This week’s story on the National Pain Report that the U.S. Senate has started a prescription drug abuse caucus stirred up some reaction among our readers, and one of our contributors.
She thinks the Senate’s focus is on the wrong thing – however well intentioned.
Terri Lewis PhD. wrote the problem isn’t prescription drug abuse – it’s our medical system. Lewis is a Rehabilitation expert and advocate for consumers. She’s currently working in Taiwan consulting on efforts to decentralize that country’s health care system. She is the daughter and mother of chronic pain sufferers.
“There is mounting evidence that the galloping numbers associated with chronic pain are correlated to persons who were recipients of medial harms, and who were left with injuries so severe that they now endure painful conditions that are secondary to their treatment,” she said.
Lewis points to the data and says that more children and persons of working age are being impacted by this approach to dealing with pain – resulting in disability.
“This is not an old person’s problem. This is not a cancer problem. This is not an addiction problem. This is a problem that belongs to a medical model that has turned the art and practice of medicine into the drive through approach typified by drive through approaches to care,” she added.
Like most chronic pain advocates, Lewis believes drug abuse is a problem, but she says it’s not the root cause of the failure of chronic pain care. But the DEA crackdown on pain medications isn’t the answer. That puts the blame on the patient – which she thinks is misguided.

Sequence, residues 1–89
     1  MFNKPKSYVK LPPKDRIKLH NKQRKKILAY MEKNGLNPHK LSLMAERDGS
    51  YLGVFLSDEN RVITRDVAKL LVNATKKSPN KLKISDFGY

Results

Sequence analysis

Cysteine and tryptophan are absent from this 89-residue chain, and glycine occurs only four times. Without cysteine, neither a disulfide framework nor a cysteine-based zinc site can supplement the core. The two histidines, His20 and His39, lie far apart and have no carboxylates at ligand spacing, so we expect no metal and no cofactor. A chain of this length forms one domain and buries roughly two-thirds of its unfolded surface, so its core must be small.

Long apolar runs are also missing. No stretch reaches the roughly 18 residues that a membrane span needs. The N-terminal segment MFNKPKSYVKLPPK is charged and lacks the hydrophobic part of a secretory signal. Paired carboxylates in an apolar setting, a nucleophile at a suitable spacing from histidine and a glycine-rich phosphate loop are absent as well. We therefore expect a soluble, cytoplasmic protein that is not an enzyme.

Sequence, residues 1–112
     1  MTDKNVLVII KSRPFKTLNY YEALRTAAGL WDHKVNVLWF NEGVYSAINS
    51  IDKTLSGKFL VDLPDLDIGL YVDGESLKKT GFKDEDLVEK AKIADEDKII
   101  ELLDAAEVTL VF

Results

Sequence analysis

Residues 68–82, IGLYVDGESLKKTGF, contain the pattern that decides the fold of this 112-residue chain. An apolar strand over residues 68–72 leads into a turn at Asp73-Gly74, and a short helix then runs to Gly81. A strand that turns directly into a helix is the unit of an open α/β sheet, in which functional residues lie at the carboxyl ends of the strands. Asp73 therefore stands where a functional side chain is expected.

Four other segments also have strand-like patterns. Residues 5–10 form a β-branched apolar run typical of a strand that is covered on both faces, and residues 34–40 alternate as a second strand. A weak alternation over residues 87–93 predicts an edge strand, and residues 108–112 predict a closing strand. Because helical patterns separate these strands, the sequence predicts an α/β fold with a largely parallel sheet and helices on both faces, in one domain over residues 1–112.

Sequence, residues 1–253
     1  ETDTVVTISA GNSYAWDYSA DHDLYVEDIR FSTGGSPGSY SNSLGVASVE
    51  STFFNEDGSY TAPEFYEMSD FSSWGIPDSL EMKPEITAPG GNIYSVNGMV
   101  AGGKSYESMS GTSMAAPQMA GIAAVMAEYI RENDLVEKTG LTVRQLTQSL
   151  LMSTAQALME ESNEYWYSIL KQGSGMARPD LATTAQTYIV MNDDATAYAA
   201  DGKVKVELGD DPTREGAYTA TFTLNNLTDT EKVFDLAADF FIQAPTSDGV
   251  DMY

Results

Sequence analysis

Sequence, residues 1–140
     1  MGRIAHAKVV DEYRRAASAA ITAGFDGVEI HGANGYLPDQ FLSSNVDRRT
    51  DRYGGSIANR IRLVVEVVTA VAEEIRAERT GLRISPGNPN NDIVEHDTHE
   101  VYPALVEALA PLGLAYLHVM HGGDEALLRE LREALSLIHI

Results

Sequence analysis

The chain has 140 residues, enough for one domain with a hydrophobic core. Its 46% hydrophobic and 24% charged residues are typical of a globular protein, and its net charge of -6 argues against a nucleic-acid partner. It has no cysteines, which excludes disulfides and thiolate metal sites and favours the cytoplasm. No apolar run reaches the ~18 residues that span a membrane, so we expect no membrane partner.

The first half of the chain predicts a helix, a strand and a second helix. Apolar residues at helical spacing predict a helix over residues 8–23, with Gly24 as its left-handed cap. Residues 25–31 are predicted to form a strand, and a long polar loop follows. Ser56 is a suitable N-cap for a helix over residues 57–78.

“The DEA sees failure to cure as abuse of drugs which maintains the chronic pain problem rather than a model failure – after all legitimate doctors cure, don’t they?,” she asked.
She concluded, “The most adherent, conforming patient cannot be cured from their chronic health problem by the medical model. We need new definitions and new measures of success that have to do with how people live, not how they are not living.”
The story about the Prescription Drug Caucus started by Senator Joe Manchin of West Virginia and Senator Tim Scott of South Carolina also generated some chronic pain sufferer’s comments on the National Pain Report Facebook page. Those comments centered more about their care – and indicated they aren’t thrilled about the idea of the Caucus either.
Dawn Holly Norton wrote, “When are doctors going to learn the difference between abusers and REAL chronic pain sufferers. I’m a legit patient yet I cannot get adequate health care for my fibro, peroneal neuropathy and degenerative disc disease.
Erin Marie Maples-Zevecke had a similar reaction. “Doctors would have to start having compassion again to help us fight this insanity. They’re more worried about all these regulations affecting their pocket book now than in helping the sick. Chronically ill people are the new criminal class.”
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